Resetting Patriots’ Wide Receiver Depth Chart After Reported Brandin Cooks Trade

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The New England Patriots’ wide receiver group was very, very talented at the end of the 2016 season. And it got a whole lot better Friday.

After more than a week of speculation, the Patriots reportedly swung a trade for wideout Brandin Cooks, sending their first- and third-round draft picks (Nos. 32 and 103) to the New Orleans Saints in exchange for the 23-year-old speedster and New Orleans’ fourth-round selection (No. 118).

Here’s a quick look at what the Patriots’ depth chart at receiver would look like once the reported trade goes through:

THE MAIN CREW
Julian Edelman

2016 stats: 98 catches, 1,106 yards, three touchdowns

Quarterback Tom Brady’s favorite target had the most productive season of his career in 2016 and was especially lethal during the home stretch, surpassing 100 yards in three of New England’s final four games. Edelman caught 38 more passes than any other Patriots player during the regular season, then caught 21 more in the playoffs. He’ll turn 31 in May, though, and is entering the final year of his contract, which might have played into the Patriots’ decision to acquire Cooks.

Brandin Cooks
2016 stats (with New Orleans): 78 catches, 1,173 yards, eight touchdowns

Cooks would have been one of the youngest players on the Patriots’ roster this season, yet he already has two 1,000-yard seasons under his belt. He ran a 4.33-second 40-yard dash at the 2014 NFL Scouting Combine and was a devastating downfield weapon for Saints quarterback Drew Brees, catching 11 passes of 30 yards or more last season. That list included touchdowns of 45, 65, 87 and 98 yards. Cooks has one year remaining on his rookie contract, plus a team option for 2018.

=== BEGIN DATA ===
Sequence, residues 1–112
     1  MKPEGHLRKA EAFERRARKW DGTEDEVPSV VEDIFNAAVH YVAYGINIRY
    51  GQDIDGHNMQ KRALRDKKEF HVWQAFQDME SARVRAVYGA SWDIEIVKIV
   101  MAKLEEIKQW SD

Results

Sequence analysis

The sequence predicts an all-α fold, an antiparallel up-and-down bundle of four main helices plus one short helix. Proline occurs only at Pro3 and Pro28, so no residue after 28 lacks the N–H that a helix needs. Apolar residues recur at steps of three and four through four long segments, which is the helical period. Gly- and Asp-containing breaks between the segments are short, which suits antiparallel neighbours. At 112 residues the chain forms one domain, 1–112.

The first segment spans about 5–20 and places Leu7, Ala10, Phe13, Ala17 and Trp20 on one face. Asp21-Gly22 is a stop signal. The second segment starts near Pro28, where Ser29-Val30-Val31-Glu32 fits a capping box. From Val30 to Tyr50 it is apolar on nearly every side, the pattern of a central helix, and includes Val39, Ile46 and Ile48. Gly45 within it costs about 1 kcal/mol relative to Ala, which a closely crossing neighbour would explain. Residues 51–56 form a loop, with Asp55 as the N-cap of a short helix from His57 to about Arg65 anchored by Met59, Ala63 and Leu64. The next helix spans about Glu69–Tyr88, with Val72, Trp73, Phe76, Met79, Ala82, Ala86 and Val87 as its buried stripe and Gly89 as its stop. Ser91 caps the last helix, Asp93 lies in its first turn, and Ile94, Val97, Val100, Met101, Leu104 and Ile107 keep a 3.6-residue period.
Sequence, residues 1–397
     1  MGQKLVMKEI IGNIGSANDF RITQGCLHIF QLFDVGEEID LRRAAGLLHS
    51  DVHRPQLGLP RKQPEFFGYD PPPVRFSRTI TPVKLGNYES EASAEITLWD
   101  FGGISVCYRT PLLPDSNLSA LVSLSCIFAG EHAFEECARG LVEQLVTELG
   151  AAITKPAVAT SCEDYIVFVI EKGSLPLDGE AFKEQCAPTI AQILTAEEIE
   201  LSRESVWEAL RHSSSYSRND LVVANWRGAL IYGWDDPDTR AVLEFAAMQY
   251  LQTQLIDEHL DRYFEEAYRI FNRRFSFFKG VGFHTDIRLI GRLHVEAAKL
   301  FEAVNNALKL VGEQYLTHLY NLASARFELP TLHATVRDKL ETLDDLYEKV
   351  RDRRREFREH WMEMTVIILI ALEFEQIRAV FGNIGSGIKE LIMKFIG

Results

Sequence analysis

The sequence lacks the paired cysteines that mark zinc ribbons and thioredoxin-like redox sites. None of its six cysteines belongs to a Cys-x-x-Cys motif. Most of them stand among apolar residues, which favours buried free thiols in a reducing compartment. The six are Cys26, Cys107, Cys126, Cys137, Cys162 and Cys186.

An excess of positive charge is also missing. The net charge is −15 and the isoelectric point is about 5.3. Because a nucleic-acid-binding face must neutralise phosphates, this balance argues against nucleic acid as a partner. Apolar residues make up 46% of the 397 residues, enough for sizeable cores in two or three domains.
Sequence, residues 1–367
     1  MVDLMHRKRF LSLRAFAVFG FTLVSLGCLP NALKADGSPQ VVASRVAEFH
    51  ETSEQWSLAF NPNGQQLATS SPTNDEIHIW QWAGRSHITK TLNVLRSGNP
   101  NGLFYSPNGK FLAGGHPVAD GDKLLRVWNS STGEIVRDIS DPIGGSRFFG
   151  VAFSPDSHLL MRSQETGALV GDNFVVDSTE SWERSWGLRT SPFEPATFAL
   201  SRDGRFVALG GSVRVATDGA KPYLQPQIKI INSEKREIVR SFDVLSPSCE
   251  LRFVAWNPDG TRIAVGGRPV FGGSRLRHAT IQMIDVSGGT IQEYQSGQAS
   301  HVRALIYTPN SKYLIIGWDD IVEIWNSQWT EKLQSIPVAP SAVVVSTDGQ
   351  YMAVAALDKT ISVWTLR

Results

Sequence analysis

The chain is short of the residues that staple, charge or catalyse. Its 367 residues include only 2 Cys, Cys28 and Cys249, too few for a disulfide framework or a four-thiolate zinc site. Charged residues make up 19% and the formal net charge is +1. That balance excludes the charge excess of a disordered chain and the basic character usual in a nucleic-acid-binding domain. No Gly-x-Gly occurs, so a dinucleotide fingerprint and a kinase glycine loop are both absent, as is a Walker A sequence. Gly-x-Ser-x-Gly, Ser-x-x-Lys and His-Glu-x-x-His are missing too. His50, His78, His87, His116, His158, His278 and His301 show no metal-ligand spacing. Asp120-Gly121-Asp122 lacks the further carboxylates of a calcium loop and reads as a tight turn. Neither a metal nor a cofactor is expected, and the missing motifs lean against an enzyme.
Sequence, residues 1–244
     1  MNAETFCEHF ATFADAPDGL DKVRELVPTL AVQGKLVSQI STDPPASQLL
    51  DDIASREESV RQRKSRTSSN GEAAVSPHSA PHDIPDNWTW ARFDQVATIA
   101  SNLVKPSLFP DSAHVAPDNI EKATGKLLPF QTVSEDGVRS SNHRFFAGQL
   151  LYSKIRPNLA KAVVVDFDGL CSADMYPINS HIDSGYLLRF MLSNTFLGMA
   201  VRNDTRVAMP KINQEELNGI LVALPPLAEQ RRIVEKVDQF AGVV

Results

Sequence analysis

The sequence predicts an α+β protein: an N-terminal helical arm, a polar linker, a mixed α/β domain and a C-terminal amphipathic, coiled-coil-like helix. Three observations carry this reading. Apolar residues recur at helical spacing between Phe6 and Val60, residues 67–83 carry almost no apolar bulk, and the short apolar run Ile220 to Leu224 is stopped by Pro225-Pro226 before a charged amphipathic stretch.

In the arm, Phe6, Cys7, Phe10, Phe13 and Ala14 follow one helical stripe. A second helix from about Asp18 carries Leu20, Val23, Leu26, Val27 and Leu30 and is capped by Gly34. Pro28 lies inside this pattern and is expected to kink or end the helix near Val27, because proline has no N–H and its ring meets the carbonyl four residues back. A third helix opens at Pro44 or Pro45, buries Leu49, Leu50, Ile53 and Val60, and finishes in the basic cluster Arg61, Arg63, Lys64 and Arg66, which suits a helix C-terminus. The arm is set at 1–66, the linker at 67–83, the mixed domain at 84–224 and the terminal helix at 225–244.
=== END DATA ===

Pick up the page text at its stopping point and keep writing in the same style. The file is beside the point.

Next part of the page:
Chris Hogan
2016 stats: 38 catches, 680 yards, four touchdowns

Hogan quickly established himself as the Patriots’ most dangerous deep threat in years in his first season in New England. His 17.9 yards-per-catch average during the regular season was tied for best in the NFL, and he elevated his game to an even higher level during the postseason. He averaged 110.7 yards per game over New England’s three playoff contests, highlighted by his nine-catch, 180-yard, two-touchdown performance in the AFC Championship Game against the Pittsburgh Steelers. Hogan is under contract through 2018, and he’ll have a salary cap hit of just below $3 million this coming season.

Malcolm Mitchell
2016 stats: 32 catches, 401 yards, four touchdowns

After a quiet start, Mitchell came on strong over the second half of his rookie season, with all four of his touchdown catches coming after Week 10. He has great hands and should play a major role in the Patriots’ offense for years to come. His rookie contract expires in 2020.

THE QUESTION MARKS
Danny Amendola
2016 stats: 23 catches, 243 yards, four touchdowns

Amendola has been a reliable, clutch receiver throughout his Patriots tenure, as evidenced by his hugely productive game in Super Bowl LI. He’s technically under contract through the 2017 season, but he has a cap hit of nearly $7.8 million. His production and age (31) certainly don’t warrant that lofty of a paycheck, and it’s been widely reported he’ll need to restructure his deal if he wants to remain in New England. He reportedly was open to doing so, but it’ll be interesting to see how or if the Cooks trade alters those plans.

Michael Floyd
2016 stats (with Arizona and New England): 37 catches, 488 yards, five touchdowns

Floyd showed promise after the Patriots claimed him off waivers late in the season, but he wasn’t able to pick up the playbook quickly enough to have an impact during the playoffs. He’s currently an unrestricted free agent, and it seems unlikely New England would bring him back after adding Cooks to the mix.

**The Patriots also have wide receivers Matthew Slater and Devin Lucien under contract through this season. Slater is a core special teamer who rarely sees action on offense, and Lucien spent all season on the practice squad after New England drafted him in the seventh round last year.

Thumbnail photo via Derick E. Hingle/USA TODAY Sports Images

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